The stray hairs are now a part of my daily life, with or without the contraceptive pill. I have been lucky enough to not experience much acne, even in my teenage years, but I have taken to carrying a pair of tweezers with me wherever I go, in case I notice a dark unwanted hair. They tend to pop up anywhere on my neck, near my ears on my jawline, between my breasts and anywhere on my chest. It’s not uncommon for me to spend a few minutes a day, straining the skin on my jawline to make sure I haven’t missed any. These hairs are darker than my natural hair and also coarser. They used to be a source of embarrassment for me, but I’ve actually only ever had one comment about one that was on my neck, because it was before I knew that I had them. I’m pretty sure that until this blog post it was a source of private embarrassment for me.
In the past couple of years I have done a lot more research about PCOS and while I’m in no way an expert, I do feel lucky to have discovered that my suffering of this is mild compared to what a lot of women have to deal with. Sure, I struggle with weight, irregular periods, have the annoying excess hair and used to have to deal with the pain, but a lot of women have it worse. For some, it causes extreme heavy and uncomfortable periods, others have to deal with the insulin resistance and others unfortunately do have infertility as a result.
Infertility is not an issue for me. I am pregnant now for the second time in my life. The first time, I was on the pill, which obviously failed. This pregnancy turned out to be ectopic, which also has links to PCOS, but I felt lucky knowing that at least I could get pregnant if I wanted to. I was on the pill and while that isn’t foolproof, it sure makes it harder to get pregnant, which in my mind meant that fertility, while coming with the risk of another ectopic pregnancy, wasn’t going to be impossible for me. This time round, my pregnancy was planned amd so far is going well, which is all I can ask for, although I expected it to take a longer period of trying before we had success. The other thing that surprised me is that I expected the excess hair to go away while pregnant, which it hasn’t. I now realise that this is something that I will always have to deal with.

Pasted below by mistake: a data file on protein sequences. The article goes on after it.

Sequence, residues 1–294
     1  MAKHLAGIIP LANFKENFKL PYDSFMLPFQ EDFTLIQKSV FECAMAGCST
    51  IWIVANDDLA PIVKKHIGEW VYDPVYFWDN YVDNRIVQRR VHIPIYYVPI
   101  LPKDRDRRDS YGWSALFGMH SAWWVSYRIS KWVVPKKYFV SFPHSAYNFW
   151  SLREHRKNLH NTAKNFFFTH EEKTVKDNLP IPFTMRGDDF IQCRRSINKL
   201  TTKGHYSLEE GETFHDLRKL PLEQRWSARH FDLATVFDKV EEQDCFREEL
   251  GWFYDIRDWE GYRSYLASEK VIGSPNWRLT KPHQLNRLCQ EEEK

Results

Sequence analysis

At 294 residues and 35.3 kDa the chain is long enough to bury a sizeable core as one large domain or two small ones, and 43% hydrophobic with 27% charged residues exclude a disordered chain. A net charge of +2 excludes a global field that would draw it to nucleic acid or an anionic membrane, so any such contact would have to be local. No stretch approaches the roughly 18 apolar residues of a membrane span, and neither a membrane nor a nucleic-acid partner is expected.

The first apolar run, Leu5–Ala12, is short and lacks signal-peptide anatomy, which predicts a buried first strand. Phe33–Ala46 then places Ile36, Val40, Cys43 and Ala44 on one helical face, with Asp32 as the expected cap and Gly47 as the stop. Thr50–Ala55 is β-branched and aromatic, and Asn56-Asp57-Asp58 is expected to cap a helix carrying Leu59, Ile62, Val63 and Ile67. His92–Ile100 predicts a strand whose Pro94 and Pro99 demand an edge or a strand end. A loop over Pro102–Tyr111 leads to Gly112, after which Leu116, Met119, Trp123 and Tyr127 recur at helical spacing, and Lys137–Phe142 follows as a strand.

For anyone who has been diagnosed with PCOS, I urge you to do your research. Ask questions, go and see a specialist, don’t just accept it like I did. There is a lot of misinformation out there, so ask your friends as well. In the last year I have discovered that a surprisingly large number of the women I know also suffer from PCOS, all to varying degrees and with varying issues of their own. Some women find ways to cope through diet and exercise and others need more specialised help, but it’s all about not being ashamed and not letting it take over your life.
Smiles and Sunshine